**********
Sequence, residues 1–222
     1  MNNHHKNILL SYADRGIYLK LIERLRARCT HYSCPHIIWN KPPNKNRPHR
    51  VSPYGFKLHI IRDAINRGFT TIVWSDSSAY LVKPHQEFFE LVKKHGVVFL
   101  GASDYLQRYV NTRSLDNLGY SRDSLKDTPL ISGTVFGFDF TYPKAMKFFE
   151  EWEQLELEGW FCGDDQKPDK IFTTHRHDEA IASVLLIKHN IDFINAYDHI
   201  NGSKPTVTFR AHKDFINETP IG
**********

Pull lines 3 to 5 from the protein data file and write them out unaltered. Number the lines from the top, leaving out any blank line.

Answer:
    51  VSPYGFKLHI IRDAINRGFT TIVWSDSSAY LVKPHQEFFE LVKKHGVVFL
   101  GASDYLQRYV NTRSLDNLGY SRDSLKDTPL ISGTVFGFDF TYPKAMKFFE
   151  EWEQLELEGW FCGDDQKPDK IFTTHRHDEA IASVLLIKHN IDFINAYDHI